The book was my worst seller. It started out slow, but then it tapered right off. For years since, people come up to me and say: Boy, I really liked that Night of Power. It's one of your best novels, is it ever going to be reprinted? And it barely got printed the first time, not a chance of a reprint. I tried: no one wants it. But after enough requests, I thought maybe I could sell it online. So I offered it to Bibliobytes. They had it for years. No one wanted it. Total royalties to me were around 11 bucks.

People apparently just don't want to read novels onscreen. Maybe shorter work. Martha Soukup, a science fiction writer, said that this cyberbook stuff is never gonna work until it passes the three Bs: So you can read it in Bed, on the Bus and in the Bathroom. So far nobody has come up with a reader you can use in direct sunlight that'll work.

I'm waiting for this e-commerce thing to prove itself to me. My friend Ted Powell has maintained a Web site for me -- the official Spider Web site -- for years and the problem is that it's based on a server where he's not allowed to do commercial stuff. So we just started a new commercial Web site specifically in the hope that maybe we can sell stuff on this Internet. And so, as we speak, we're producing a CD to sell that is me reading aloud from Callahan's Key plus four songs [that were originally recorded for the computer game version of Callahan's Crosstime Saloon]. If anybody buys it, maybe we'll try reviving Night of Power in some form on the Web site. So far I remain unconvinced that there's any gold in this gold rush. There's a lot of smoke and a lot of noise, but I just don't see it.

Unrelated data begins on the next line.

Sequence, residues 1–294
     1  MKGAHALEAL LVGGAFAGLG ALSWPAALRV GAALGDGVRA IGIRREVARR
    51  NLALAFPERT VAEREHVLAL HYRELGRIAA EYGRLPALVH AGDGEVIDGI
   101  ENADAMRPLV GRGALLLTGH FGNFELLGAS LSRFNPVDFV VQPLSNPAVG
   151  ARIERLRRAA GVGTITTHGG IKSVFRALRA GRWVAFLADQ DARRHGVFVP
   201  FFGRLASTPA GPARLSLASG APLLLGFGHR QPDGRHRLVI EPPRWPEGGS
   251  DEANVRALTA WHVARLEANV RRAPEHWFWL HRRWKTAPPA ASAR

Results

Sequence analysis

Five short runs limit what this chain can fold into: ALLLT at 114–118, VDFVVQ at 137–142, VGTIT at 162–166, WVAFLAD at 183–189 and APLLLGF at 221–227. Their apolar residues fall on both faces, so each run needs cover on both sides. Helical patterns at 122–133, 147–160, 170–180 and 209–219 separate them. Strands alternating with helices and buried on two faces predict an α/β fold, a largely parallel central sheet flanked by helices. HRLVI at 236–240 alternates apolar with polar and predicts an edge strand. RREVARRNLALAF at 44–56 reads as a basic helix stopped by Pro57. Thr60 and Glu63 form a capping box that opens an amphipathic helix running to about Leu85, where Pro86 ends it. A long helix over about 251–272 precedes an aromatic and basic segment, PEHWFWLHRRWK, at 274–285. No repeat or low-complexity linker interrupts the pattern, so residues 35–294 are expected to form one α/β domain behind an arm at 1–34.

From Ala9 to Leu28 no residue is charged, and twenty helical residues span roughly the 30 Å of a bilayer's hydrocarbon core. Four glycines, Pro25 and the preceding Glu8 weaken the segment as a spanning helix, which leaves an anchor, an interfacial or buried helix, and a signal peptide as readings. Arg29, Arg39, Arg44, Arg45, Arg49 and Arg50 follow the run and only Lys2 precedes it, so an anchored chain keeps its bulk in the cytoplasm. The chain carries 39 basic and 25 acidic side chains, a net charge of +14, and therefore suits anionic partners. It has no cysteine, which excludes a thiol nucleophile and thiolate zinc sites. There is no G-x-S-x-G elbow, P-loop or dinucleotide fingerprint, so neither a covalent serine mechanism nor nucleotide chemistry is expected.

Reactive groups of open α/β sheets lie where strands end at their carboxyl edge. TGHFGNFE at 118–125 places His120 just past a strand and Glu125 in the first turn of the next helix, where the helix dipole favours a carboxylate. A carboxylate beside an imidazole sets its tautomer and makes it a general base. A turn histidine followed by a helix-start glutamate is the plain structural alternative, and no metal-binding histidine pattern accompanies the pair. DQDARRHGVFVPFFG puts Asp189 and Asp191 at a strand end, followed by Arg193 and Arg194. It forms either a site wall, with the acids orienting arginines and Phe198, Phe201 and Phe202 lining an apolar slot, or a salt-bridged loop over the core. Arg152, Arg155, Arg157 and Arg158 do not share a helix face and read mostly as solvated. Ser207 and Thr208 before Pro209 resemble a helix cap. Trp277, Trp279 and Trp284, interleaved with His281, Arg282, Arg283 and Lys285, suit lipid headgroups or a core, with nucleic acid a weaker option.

...Going to space & Dan Quayle


...Beginning writing, his first encounter with science fiction, writers he admires & Tom Waits


...Start page


...Callahan's & Usenet, Becoming Spider & other jobs he doesn't have